The 12 Worst Cities to Live in in the U.S.

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10. Cleveland, OH

Source: Wikimedia Commons

Cleveland has one of the lowest median annual household incomes in the nation. As a result, it’s the second poorest city in the United States, behind Detroit. According to a study conducted by the Center for Community Solutions, the poverty rate in Cuyahoga County is at 18 percent, just slightly above what it was at the height of the Great Recession in 2008, at 15.6 percent. “There are about 220,000 people in Cuyahoga County who are living in poverty and about half of those are working so it’s really about earnings. People can still work and just don’t earn enough to be able to get by,” Emily Campbell, associate director of the Center for Community Solutions, told WEWS News 5 Cleveland. In other words, unemployment is low, but people simply just aren’t able to make ends meet.

9. Memphis, TN

Source: Wikimedia Commons

Memphis has one of the highest violent crimes rates in the country. As a result, the Memphis Police Department has decided to spring into action. According to department’s website, their vision for the city is to create and maintain an environment of public safety recognized for its zero tolerance for crime, as well as its compassion and responsiveness to the needs, rights, and expectations of both residents and visitors.

FYI, here’s how the city ranks when it comes to safety, education, economy, infrastructure, and other issues:

-Safety: #148
-Education: #131
-Economy rank: #128
-Financial stability: #70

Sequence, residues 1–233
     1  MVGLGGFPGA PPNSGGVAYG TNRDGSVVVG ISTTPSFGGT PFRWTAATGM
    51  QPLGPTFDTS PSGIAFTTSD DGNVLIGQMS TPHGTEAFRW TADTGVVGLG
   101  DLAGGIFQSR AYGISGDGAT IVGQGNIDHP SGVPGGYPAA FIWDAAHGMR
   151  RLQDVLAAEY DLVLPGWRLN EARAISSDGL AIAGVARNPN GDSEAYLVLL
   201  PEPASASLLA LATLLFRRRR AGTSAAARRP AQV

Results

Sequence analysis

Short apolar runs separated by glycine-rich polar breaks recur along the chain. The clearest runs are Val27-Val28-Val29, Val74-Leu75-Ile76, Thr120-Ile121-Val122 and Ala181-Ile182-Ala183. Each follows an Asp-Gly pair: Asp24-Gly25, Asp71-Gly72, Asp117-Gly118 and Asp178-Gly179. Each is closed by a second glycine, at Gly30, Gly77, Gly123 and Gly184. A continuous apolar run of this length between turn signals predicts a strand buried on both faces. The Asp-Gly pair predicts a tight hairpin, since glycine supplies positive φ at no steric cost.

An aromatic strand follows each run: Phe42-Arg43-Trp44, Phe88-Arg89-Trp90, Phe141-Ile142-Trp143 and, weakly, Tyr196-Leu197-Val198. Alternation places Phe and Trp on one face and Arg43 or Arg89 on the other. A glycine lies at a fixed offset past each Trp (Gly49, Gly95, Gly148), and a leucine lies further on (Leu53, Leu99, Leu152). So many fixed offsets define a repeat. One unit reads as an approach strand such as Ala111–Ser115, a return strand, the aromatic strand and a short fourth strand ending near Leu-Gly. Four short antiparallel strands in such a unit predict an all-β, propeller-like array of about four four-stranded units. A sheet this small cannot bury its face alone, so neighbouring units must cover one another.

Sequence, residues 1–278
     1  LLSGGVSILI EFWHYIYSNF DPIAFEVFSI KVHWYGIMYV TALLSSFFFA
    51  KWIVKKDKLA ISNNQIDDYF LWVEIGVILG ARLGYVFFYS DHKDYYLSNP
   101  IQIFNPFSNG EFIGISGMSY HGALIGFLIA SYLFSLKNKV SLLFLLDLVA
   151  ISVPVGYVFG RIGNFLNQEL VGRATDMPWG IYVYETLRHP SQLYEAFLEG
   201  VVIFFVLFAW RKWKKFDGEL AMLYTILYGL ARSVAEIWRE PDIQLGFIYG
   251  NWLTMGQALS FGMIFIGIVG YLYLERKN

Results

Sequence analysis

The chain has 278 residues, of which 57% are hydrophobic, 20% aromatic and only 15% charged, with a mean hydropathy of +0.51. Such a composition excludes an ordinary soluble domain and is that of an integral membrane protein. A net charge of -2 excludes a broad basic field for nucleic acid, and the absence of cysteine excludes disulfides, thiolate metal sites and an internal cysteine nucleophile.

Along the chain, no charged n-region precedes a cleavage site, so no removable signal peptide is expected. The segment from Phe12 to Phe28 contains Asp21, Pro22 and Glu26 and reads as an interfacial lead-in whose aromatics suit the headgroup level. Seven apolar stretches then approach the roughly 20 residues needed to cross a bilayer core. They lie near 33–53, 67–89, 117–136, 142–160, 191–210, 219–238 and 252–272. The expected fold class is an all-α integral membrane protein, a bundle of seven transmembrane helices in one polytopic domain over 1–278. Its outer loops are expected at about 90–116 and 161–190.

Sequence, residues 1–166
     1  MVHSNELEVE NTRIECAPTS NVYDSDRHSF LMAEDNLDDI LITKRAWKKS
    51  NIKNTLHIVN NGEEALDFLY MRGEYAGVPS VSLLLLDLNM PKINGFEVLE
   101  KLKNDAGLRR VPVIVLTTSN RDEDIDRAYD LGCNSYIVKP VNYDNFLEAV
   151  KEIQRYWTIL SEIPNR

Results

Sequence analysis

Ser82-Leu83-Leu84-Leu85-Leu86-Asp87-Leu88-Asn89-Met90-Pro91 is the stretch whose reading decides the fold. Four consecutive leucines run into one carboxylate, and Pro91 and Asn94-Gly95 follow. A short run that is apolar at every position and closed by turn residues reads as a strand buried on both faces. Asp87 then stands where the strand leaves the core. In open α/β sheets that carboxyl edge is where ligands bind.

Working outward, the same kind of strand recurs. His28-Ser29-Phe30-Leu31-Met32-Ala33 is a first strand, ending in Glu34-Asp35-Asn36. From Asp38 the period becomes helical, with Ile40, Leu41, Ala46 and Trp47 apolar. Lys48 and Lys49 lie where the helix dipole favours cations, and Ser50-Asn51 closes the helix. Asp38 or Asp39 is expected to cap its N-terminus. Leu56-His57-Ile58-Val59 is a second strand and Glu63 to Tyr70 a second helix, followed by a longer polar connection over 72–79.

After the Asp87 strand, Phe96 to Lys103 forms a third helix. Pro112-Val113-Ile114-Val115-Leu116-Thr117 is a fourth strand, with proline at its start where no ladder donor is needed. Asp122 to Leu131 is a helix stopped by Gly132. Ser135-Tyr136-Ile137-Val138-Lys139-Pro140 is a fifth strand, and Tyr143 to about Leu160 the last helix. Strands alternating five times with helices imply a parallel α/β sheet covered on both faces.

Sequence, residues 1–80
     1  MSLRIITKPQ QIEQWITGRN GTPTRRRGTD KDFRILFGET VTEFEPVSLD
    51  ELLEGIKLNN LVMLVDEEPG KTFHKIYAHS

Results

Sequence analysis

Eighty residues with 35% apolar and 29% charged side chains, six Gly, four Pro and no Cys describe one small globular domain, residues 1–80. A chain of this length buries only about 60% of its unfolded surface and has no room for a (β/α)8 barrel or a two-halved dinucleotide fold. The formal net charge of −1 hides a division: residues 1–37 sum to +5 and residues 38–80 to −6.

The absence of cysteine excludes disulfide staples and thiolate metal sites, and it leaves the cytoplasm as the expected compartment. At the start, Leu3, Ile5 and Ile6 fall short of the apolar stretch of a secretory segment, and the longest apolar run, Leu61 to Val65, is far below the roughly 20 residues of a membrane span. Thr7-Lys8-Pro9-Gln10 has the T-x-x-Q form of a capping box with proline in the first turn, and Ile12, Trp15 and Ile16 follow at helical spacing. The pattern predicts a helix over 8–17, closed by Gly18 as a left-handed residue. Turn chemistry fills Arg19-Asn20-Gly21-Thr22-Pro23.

-Health: #142
-Infrastructure and pollution rank: #139

Its overall quality of city services score is 37.78.

8. Toledo, OH

Source: Wikimedia Commons

Toledo ranks lower than the national and state (Ohio) averages when it comes to residents who have at least a high school education. Its current ranking in the education category is #115. WNWO NBC 24 in Toledo reported last year that Toledo Public Schools (TPS) received a failing grade from the Ohio Department of Education. The schools were graded on six specific categories (achievement, progress, gap closing, graduation rate, improving at-risk K-3 readers, and prepared for success) and received an F overall. Though district leaders said things were progressing, they acknowledge there is more work to be done. “TPS is moving the needle, it’s not to the point we want it to be, but we will continue to make that growth and we are on the cusp in terms of those indicators of moving those grades,” James Gault, Toledo Public Schools executive transformational leader of curriculum and instruction, told WNWO.